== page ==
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bioRxiv Preprint

We present a combinatorial machine learning method to evaluate and optimize peptide vaccine formulations, and we find for SARS-CoV-2 that it provides superior predicted display of viral epitopes by MHC class I and MHC class II molecules over populations when compared to other candidate vaccines. Our method is robust to idiosyncratic errors in the prediction of MHC peptide display and considers target population HLA haplotype frequencies during optimization. To minimize clinical development time our methods validate vaccines with multiple peptide presentation algorithms to increase the probability that a vaccine will be effective. We optimize an objective function that is based on the presentation likelihood of a diverse set of vaccine peptides conditioned on a target population HLA haplotype distribution and expected epitope drift. We produce separate peptide formulations for MHC class I loci (HLA-A, HLA-B, and HLA-C) and class II loci (HLA-DP, HLA-DQ, and HLA-DR) to permit signal sequence based cell compartment targeting using nucleic acid based vaccine platforms. Our SARS-CoV-2 MHC class I vaccine formulations provide 93.21% predicted population coverage with at least five vaccine peptide-HLA hits on average in an individual ([≥] 1 peptide 99.91%) with all vaccine peptides perfectly conserved across 4,690 geographically sampled SARS-CoV-2 genomes. Our MHC class II vaccine formulations provide 90.17% predicted coverage with at least five vaccine peptide-HLA hits on average in an individual with all peptides having observed mutation probability [≤] 0.001. We evaluate 29 previously published peptide vaccine designs with our evaluation tool with the requirement of having at least five vaccine peptide-HLA hits per individual, and they have a predicted maximum of 58.51% MHC class I coverage and 71.65% MHC class II coverage given haplotype based analysis. We provide an open source implementation of our design methods (OptiVax), vaccine evaluation tool (EvalVax), as well as the data used in our design efforts.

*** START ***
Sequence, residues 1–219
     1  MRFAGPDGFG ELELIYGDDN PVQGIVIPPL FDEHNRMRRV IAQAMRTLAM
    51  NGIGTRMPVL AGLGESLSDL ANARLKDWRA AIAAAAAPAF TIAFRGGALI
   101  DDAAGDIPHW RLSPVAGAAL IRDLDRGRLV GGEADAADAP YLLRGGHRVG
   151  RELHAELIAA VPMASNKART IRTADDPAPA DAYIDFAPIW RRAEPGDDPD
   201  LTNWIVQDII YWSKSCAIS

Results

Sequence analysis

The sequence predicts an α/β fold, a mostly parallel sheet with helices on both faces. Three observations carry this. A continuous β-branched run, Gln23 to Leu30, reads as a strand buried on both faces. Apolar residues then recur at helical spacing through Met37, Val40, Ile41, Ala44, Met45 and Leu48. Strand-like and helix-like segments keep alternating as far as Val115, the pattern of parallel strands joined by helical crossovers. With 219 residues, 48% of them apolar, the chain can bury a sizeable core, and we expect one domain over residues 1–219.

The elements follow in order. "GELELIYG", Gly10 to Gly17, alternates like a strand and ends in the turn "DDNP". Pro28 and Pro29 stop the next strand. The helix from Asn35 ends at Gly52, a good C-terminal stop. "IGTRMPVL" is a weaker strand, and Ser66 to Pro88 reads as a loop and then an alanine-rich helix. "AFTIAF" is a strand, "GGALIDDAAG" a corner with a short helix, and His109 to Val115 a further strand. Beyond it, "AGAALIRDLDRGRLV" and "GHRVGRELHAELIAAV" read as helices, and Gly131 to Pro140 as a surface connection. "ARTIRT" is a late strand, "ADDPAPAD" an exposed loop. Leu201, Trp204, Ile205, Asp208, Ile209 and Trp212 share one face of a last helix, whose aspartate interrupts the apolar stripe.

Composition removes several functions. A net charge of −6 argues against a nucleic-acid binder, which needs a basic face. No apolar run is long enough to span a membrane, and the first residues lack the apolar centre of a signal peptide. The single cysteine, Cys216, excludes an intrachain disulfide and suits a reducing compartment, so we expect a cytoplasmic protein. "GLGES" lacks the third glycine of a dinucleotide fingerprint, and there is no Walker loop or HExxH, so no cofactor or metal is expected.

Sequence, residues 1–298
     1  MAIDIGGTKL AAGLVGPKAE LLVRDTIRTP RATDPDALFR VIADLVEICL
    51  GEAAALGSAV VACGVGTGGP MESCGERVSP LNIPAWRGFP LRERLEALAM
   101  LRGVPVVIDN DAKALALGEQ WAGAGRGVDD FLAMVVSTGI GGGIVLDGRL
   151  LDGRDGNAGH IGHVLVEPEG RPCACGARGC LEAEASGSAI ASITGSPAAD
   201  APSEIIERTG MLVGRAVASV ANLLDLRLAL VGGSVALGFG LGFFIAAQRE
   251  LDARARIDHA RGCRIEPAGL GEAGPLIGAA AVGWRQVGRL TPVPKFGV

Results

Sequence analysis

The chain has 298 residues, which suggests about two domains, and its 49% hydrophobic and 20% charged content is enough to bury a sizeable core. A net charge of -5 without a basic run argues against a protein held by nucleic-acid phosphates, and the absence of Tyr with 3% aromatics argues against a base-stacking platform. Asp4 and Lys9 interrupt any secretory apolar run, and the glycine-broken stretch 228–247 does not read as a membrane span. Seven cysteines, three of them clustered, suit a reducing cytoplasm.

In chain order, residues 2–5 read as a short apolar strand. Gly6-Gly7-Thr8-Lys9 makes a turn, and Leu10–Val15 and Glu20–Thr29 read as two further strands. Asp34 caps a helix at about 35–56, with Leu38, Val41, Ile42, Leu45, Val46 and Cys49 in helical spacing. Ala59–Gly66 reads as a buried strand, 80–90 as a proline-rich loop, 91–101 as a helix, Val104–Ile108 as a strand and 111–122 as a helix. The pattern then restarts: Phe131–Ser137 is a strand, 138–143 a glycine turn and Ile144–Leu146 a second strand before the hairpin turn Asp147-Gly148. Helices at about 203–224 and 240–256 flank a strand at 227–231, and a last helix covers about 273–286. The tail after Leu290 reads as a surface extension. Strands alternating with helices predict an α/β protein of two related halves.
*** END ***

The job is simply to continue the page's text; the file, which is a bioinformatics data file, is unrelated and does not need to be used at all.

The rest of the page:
Liu, G.; Carter, B.; Bricken, T.; Jain, S.; Viard, M.; Carrington, M.; Gifford, D. K.